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Sex adjustments are not functionally costly in simultaneous hermaphrodites
Lorenzi, M.C.; Schleicherova, D.; Sella, G. (2008). Sex adjustments are not functionally costly in simultaneous hermaphrodites. Mar. Biol. (Berl.) 153(4): 599-604.
In: Marine Biology. Springer: Heidelberg; Berlin. ISSN 0025-3162; e-ISSN 1432-1793, more
Peer reviewed article  

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  • Lorenzi, M.C.
  • Schleicherova, D.
  • Sella, G.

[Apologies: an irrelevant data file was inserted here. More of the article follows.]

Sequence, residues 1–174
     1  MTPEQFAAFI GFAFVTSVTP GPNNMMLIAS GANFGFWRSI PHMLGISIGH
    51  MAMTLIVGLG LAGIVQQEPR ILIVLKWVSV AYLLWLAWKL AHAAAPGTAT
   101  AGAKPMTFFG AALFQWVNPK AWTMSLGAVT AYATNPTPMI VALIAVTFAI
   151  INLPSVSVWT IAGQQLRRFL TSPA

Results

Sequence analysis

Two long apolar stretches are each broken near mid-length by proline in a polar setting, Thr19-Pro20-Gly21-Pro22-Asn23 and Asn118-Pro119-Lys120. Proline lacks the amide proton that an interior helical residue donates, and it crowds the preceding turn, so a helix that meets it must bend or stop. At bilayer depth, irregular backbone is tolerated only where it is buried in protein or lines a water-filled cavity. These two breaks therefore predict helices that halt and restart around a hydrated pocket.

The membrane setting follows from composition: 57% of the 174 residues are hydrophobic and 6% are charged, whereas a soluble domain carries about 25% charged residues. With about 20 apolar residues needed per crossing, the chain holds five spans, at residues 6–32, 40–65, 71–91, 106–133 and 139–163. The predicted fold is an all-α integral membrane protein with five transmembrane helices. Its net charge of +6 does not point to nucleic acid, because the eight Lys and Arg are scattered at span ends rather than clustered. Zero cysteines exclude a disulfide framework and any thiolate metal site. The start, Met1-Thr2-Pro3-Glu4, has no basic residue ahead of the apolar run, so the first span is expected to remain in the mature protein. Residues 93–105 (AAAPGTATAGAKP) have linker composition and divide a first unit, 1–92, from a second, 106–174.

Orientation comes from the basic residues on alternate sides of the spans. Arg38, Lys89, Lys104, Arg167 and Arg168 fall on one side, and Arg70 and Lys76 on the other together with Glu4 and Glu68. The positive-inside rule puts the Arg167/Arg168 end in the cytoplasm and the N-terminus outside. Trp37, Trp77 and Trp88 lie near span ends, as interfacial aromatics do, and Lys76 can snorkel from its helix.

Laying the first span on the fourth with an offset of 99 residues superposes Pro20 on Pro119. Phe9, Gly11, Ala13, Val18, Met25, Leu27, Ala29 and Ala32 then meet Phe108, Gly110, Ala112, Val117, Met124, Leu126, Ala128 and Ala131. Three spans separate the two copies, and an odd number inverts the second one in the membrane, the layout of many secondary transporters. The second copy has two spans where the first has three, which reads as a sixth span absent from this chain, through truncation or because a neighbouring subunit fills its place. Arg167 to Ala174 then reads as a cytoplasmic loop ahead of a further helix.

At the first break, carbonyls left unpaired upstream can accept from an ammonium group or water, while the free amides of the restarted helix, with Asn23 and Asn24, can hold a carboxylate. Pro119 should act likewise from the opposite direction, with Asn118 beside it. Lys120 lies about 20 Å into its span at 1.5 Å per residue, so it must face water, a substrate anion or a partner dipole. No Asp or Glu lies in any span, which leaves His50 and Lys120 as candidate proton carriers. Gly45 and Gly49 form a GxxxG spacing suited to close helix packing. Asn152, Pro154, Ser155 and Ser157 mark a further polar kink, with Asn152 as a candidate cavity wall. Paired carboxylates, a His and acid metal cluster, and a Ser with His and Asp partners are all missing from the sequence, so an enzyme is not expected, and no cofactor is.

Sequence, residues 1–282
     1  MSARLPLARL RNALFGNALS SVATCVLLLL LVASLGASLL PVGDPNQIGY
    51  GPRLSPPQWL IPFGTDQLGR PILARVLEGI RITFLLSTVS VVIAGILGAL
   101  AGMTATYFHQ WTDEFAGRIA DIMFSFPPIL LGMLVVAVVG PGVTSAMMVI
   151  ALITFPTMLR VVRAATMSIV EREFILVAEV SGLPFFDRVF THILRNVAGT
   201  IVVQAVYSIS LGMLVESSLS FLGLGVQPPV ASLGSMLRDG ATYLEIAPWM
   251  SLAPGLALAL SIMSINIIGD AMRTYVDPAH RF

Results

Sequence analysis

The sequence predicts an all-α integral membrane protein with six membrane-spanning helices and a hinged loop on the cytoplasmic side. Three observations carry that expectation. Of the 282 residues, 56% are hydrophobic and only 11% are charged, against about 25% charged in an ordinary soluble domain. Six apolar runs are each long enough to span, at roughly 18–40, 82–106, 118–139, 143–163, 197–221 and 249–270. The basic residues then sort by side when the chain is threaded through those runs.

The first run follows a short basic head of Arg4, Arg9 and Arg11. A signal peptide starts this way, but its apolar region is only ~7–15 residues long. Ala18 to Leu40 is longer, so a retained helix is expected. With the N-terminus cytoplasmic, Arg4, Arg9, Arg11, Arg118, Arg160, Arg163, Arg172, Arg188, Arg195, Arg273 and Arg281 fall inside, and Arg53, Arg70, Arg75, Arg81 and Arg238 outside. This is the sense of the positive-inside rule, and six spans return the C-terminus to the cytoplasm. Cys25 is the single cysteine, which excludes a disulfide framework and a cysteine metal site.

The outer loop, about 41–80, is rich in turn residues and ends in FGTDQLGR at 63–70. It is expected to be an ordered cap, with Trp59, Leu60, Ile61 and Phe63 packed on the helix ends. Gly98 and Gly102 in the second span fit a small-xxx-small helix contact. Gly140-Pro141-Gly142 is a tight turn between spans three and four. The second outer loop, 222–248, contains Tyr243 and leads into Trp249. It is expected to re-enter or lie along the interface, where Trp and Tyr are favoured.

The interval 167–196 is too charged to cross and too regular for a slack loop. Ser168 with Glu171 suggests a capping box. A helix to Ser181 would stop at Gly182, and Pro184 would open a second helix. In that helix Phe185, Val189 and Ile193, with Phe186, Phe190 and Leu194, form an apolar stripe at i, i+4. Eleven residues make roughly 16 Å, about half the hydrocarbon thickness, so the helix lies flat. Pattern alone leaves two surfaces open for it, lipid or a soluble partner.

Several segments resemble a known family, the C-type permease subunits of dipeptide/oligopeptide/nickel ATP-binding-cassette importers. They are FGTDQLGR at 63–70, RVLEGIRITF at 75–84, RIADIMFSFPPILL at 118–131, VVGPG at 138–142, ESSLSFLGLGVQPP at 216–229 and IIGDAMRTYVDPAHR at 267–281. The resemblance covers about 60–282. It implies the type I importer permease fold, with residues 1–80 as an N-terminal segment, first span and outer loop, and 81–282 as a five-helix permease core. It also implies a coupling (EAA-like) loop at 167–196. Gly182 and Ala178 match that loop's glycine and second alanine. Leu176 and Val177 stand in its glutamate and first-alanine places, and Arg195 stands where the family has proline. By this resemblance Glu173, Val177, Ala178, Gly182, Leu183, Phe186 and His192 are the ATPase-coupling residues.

Because of their double sex functions, hermaphrodites are selected to optimize their investment in the two sex functions. Sex allocation (SA) theory predicts that, in promiscuous mating conditions, simultaneous hermaphrodites should adjust their reproductive investment so as to invest an amount of resources into the male relatively larger than that invested into the female function. In contrast, in monogamy, individuals should invest relatively larger amount of resources into the female function at the expenses of the male function. In the study of SA patterns of simultaneous hermaphrodites little attention has been paid to allocate adjustments costs, which may play an important role in determining variations in SA pattern among species. Indeed, the costs paid for such adjustments may constrain sex investment resulting in suboptimal allocation. We evaluated the costs of SA adjustments on individual fitness in each sexual function in the simultaneous, outcrossing hermaphrodite Ophryotrocha diadema. Following a crossover design, we compared the reproductive success in paternal and maternal offspring of focal hermaphrodites, which were put in replicated monogamous and promiscuous regimes. We document that those hermaphrodites that switched mating regimes and altered their sex investment accordingly did not entail large short-term fitness costs in any sexual function compared to those that were in stable mating regimes. Indeed, individuals changed their sex investment quickly and appropriately to current mating conditions. Hermaphrodites, which had to adjust their SA, did not decrease their maternal or paternal reproductive output with respect to those which did not change their SA. Time needed to shift resources from one to the other sex function is 5 days (the time interval between successive egg layings is of 3 days) indicating that selective pressures for SA adjustments may favour great plasticity and quick adjustments of sex investments in simultaneous hermaphrodites.

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